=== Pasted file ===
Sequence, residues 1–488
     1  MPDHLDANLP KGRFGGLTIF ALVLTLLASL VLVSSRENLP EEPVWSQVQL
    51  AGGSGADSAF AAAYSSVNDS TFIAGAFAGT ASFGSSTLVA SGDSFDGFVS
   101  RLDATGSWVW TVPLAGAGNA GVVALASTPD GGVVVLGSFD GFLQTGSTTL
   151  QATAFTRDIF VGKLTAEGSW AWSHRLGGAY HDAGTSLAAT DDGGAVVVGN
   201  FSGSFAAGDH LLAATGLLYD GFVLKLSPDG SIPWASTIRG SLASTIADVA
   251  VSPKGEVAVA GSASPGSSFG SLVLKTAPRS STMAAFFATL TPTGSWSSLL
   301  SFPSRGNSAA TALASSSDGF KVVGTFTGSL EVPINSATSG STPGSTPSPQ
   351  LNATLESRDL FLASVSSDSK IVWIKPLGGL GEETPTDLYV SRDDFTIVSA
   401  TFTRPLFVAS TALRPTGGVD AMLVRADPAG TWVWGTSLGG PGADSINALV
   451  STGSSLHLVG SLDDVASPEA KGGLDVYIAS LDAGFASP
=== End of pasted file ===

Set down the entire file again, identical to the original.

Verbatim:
Sequence, residues 1–488
     1  MPDHLDANLP KGRFGGLTIF ALVLTLLASL VLVSSRENLP EEPVWSQVQL
    51  AGGSGADSAF AAAYSSVNDS TFIAGAFAGT ASFGSSTLVA SGDSFDGFVS
   101  RLDATGSWVW TVPLAGAGNA GVVALASTPD GGVVVLGSFD GFLQTGSTTL
   151  QATAFTRDIF VGKLTAEGSW AWSHRLGGAY HDAGTSLAAT DDGGAVVVGN
   201  FSGSFAAGDH LLAATGLLYD GFVLKLSPDG SIPWASTIRG SLASTIADVA
   251  VSPKGEVAVA GSASPGSSFG SLVLKTAPRS STMAAFFATL TPTGSWSSLL
   301  SFPSRGNSAA TALASSSDGF KVVGTFTGSL EVPINSATSG STPGSTPSPQ
   351  LNATLESRDL FLASVSSDSK IVWIKPLGGL GEETPTDLYV SRDDFTIVSA
   401  TFTRPLFVAS TALRPTGGVD AMLVRADPAG TWVWGTSLGG PGADSINALV
   451  STGSSLHLVG SLDDVASPEA KGGLDVYIAS LDAGFASP